Outside of scouting, Logan maintains a jam-packed schedule and enjoys living life “full throttle”. He is currently a senior at Montclair High School where he maintains a rigorous academic schedule of AP and honors classes and is a member of the National Honor Society and Montclair Sports Network. When he’s not in the classroom or trekking a mountain, Logan can be found in his other happy place – on the water rowing with his teammates as a proud member (and Captain) of the Montclair Crew Team. Logan will embark on his “next giant leap” in the fall as he plans to attend Purdue University to pursue his passion for Mechanical Engineering & Technology and row for the Purdue Crew Team.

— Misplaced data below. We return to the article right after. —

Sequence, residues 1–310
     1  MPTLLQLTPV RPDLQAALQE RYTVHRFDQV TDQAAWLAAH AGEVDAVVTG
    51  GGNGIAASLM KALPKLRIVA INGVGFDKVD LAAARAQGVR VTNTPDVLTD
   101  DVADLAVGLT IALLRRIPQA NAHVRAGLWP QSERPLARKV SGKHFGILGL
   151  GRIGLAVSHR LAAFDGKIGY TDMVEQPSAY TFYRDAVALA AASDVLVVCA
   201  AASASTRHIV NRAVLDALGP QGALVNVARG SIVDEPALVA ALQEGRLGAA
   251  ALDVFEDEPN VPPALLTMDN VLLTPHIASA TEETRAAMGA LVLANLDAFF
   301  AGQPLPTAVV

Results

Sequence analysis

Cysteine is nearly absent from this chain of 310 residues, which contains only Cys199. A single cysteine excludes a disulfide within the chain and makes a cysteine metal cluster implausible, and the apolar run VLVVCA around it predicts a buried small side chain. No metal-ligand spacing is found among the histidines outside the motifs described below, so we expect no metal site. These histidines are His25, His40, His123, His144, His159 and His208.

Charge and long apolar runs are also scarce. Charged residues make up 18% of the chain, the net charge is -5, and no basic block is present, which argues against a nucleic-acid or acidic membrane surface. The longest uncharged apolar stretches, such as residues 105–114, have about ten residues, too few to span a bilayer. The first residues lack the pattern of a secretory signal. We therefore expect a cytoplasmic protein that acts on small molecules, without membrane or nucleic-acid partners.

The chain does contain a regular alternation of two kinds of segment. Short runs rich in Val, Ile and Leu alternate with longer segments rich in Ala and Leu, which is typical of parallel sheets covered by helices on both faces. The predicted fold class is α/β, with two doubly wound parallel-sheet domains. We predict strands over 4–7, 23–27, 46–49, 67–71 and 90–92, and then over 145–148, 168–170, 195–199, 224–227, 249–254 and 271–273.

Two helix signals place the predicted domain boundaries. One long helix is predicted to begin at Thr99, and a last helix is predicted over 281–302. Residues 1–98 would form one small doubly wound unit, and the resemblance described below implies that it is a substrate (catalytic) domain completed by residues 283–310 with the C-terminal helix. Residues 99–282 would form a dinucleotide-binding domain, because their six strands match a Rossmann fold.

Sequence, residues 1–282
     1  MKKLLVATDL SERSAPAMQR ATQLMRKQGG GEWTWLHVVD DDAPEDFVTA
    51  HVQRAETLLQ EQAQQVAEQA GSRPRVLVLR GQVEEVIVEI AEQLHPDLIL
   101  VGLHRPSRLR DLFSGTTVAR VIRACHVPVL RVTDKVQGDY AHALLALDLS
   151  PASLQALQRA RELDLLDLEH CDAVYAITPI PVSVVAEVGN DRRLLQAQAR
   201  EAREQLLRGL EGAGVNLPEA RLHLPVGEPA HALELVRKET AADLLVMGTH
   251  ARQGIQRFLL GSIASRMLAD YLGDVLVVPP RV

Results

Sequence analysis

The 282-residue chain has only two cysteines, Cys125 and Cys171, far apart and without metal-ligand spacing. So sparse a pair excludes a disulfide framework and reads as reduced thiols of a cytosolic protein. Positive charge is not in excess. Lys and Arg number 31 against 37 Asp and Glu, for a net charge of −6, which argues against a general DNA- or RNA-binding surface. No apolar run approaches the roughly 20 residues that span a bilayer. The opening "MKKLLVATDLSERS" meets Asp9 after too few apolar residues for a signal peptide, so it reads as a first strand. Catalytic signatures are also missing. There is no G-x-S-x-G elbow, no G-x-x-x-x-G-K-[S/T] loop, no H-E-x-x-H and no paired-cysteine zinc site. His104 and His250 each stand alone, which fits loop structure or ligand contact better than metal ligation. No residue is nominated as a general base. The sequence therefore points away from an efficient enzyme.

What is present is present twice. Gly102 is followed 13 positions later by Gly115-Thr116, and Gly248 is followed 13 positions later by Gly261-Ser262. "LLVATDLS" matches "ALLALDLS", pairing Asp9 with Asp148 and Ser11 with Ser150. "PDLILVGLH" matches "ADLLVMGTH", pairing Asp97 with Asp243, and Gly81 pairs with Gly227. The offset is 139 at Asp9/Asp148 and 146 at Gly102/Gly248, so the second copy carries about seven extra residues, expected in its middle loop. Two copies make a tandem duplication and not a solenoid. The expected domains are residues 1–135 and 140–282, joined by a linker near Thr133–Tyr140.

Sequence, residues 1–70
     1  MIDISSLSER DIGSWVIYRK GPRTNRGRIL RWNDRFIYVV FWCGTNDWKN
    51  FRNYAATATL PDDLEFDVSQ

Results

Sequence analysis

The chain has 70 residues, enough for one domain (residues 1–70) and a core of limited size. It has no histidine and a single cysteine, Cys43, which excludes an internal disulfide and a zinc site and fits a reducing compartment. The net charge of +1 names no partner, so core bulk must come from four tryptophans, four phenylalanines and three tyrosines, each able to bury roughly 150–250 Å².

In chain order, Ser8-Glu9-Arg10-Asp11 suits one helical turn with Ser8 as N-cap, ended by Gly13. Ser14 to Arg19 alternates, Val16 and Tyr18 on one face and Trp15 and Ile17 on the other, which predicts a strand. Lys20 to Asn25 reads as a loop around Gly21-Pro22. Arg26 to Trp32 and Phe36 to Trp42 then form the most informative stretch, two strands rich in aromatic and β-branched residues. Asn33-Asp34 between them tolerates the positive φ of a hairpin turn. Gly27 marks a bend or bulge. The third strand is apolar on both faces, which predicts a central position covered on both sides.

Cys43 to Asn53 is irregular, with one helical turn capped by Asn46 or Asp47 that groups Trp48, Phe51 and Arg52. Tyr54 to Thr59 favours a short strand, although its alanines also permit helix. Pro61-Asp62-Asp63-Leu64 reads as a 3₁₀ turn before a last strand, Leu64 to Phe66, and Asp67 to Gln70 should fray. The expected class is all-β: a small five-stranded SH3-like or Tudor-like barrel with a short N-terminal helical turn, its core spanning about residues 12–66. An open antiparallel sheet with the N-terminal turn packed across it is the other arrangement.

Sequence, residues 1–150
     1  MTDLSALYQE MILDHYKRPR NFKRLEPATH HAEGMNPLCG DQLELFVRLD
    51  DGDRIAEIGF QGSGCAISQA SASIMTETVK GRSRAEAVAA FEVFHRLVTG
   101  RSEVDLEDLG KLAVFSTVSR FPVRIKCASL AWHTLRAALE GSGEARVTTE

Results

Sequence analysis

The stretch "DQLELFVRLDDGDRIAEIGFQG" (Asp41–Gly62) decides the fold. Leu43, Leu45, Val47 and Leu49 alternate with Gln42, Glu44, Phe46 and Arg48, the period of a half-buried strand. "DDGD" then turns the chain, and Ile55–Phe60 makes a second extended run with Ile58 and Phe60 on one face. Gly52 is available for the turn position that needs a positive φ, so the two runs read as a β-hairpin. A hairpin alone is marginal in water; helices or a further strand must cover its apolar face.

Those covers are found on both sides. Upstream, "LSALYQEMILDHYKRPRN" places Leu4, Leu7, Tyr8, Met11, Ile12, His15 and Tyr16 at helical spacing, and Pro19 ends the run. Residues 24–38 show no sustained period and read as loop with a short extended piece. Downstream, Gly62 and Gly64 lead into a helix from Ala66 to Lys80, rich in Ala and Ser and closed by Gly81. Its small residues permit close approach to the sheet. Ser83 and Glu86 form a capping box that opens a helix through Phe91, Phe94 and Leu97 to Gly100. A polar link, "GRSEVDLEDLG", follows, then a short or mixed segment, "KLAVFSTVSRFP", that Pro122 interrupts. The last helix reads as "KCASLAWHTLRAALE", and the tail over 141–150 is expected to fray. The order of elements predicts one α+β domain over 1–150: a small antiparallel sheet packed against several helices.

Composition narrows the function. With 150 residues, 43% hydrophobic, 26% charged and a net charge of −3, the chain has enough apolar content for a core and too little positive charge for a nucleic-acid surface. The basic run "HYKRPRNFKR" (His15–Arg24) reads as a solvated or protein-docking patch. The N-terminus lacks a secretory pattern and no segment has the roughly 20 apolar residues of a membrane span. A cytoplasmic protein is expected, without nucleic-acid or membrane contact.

For his Eagle Scout project, Bateman led a crew of 30 volunteers, including scouts, friends, family, and members of the MHS crew team, in building four walking bog bridges and planting 40 native trees at the Alonzo F. Bonsal Wildlife Preserve. The preserve, a 21-acre Green Acres site skirted by the Third River, is a wildlife sanctuary straddling Montclair and Clifton. As a lifelong outdoorsman, and a member of the MHS crew team, who spent countless hours practicing on the Passaic River, Logan understood the value of this project and wanted to preserve the landmark and especially the Third River, an important tributary to the Passaic. The bridges will make the preserve safer for hikers, and the native trees will help protect against invasive species and improve the water quality.